Ireland lifted the title in the European Challenge Championship trophy, with France and the UK separated on goal difference in second and third respectively. The UK and Ireland teams were not full strength squads but instead were handicaps sides with a handicap limit of four and below for each player. That should not, however, in anyway detract from the standard of play that was seen from the other European countries at the weekend, who all showed that polocrosse is very much on the up in mainland Europe. Teams from Norway, France, Germany and Holland all travelled to Kent to compete against the UK and Irish sides and it was France who caused the biggest upset by pushing the UK into third spot on goal difference. When France and the UK met on the pitch it ended in a 8 all draw and it was the French who lost by less to the strong Irish team, meaning they took the runner up spot.

The French did have a slight advantage over the other European Nations as they brought their own playing horses over from France, while Holland, Norway and Germany were all on borrowed horses. These three sides ended up playing off against each other for the Challenge Plate and it was Holland who emerged victorious, with Norway in second and Germany in third spot. Particularly impressive for the Dutch team over the weekend was Jochem Elsinga in one of their number one spots and he deservably picked up the best number 1 prize. Tania Turner of the UK picked up best number 2 while Paul Scott, the Irish Captain, picked up best number 3.

One player for each team was also given an Ambassadors award, for representing their country well both on and off the field. For Germany, who has just been accepted as an associate member of the International Polocrosse Council, this went to Andreas Rieger, who looked very assured in his number 3 spot, carrying the ball very well in midfield on many occasions and never rushing to make his passes to his number 1.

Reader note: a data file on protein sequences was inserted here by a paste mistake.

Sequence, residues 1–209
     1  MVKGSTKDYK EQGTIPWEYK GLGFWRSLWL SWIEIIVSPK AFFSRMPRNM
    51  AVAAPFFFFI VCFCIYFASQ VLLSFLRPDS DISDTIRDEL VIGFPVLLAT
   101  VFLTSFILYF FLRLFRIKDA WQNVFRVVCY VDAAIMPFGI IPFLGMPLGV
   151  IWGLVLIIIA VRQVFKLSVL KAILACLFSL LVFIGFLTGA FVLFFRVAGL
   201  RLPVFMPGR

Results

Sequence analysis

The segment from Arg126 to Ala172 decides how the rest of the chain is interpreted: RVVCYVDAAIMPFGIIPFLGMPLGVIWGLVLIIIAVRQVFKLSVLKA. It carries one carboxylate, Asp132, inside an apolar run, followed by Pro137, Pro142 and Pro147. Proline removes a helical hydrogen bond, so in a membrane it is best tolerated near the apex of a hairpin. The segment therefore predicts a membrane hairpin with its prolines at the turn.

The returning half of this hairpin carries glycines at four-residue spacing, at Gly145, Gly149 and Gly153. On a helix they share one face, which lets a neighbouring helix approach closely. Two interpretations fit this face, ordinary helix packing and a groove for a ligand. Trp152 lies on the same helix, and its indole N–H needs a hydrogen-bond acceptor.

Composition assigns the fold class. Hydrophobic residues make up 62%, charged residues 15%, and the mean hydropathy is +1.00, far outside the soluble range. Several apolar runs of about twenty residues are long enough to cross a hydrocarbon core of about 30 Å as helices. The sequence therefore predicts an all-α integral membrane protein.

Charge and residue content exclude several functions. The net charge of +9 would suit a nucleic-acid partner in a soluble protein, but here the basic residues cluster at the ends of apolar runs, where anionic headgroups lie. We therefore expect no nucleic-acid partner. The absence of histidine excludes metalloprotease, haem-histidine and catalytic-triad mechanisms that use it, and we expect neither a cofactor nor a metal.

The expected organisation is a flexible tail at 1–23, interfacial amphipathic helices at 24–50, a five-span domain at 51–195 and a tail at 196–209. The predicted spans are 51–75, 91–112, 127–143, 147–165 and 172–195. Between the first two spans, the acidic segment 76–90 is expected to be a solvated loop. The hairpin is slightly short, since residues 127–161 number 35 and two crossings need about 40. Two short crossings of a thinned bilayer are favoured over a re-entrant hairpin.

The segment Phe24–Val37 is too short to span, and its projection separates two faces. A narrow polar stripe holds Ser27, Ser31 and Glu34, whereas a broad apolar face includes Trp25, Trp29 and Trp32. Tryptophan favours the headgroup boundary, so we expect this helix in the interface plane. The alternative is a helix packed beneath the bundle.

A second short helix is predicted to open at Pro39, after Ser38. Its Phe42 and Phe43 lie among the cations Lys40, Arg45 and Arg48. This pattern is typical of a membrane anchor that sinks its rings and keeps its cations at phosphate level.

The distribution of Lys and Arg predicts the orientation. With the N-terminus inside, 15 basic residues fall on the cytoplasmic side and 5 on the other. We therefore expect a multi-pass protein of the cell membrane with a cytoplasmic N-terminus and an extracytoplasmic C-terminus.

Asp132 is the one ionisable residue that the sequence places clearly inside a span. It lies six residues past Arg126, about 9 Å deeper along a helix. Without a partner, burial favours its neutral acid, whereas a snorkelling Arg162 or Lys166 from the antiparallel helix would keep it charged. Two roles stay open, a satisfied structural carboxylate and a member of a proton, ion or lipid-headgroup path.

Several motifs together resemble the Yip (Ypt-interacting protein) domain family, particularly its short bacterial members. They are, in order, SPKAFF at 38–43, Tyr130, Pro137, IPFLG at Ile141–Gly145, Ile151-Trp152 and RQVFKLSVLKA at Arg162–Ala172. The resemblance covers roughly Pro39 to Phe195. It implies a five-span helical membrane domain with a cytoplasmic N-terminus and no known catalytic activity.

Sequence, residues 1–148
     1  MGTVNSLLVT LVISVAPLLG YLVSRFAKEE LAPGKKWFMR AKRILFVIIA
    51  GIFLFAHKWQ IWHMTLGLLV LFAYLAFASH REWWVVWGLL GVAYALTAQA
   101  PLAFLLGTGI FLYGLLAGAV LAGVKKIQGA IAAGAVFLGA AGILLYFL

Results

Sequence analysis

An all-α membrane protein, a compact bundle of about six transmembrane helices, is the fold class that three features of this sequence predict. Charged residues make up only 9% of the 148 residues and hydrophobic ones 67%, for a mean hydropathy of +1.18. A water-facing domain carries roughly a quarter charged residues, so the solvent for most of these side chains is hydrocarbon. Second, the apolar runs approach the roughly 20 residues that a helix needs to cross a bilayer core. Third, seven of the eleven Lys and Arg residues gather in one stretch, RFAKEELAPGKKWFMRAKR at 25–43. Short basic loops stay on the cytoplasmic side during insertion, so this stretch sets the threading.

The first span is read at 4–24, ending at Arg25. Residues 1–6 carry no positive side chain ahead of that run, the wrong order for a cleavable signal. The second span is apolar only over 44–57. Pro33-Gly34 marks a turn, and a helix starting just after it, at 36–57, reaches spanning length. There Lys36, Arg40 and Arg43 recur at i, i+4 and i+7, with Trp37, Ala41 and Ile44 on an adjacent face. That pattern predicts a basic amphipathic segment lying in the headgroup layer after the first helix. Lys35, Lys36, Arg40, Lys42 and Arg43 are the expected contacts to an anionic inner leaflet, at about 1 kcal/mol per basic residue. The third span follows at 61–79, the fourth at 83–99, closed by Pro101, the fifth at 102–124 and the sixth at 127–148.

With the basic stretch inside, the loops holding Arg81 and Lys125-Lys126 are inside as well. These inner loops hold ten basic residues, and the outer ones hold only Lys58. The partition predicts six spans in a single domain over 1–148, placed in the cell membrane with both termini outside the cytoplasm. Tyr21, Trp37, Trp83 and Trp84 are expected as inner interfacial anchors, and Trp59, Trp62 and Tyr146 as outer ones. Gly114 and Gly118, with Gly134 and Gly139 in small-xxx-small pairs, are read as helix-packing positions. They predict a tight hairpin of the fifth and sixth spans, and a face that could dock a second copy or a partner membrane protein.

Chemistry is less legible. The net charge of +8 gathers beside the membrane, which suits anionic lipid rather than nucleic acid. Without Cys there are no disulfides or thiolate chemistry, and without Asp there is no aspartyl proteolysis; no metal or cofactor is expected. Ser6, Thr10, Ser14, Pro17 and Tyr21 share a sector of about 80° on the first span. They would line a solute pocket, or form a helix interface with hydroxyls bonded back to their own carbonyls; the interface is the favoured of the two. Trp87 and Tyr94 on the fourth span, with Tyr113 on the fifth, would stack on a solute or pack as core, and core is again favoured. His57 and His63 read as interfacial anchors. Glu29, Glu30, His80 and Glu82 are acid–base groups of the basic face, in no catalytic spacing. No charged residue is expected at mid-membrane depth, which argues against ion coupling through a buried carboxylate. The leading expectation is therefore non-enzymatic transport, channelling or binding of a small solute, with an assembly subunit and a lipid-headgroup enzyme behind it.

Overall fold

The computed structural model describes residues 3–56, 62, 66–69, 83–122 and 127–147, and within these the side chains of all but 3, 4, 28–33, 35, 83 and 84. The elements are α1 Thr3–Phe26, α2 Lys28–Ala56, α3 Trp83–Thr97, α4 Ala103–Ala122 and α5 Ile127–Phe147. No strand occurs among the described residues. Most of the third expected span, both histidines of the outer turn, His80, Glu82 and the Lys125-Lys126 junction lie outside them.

For Norway the Ambassadors Award went to Amund Svensen, for not only playing well but for also being the driving force behind polocrosse in Norway since it began there a few years ago. Likewise, in France, Barbara Beaufilis has worked tirelessly for the sport and it was she who picked up the Ambassadors Award in the French team.

In the Dutch team it was Fleur Bartels who won the Award, for playing beautifully all weekend aboard the borrowed stock horse mare Design, in one of the number 3 spots and it was also one of the Irish number 3’s, Celene Courtney Flynn, who picked up their Ambassadors Award. She played very strongly all weekend and in particular against the UK in their final win. Finally, for the UK themselves, it was another number 3 in Sophie Harding who picked up the Ambassadors Award; she defended so hard all weekend that after the final match she had to be taken to hospital to have her leg X-rayed in order to ensure that it was simply badly bruised and not broken.

Other awards were give out for the best horse and rider combination, both owned and borrowed horses, and also the Best Horse. The owned Horse & Rider combination went to Jess Fagot of the UK who scored some great goals up front for her country, and the best borrowed Horse & Rider combination went to Aimee C.R Johansen of Norway, who, along with Vibeke Svensen whose borrowed steed picked up Best Horse, proved that the Norwegians are very tough in defence. Not very much got past them all weekend and they were both particularly strong as Norway and Holland fought out a 9 all draw.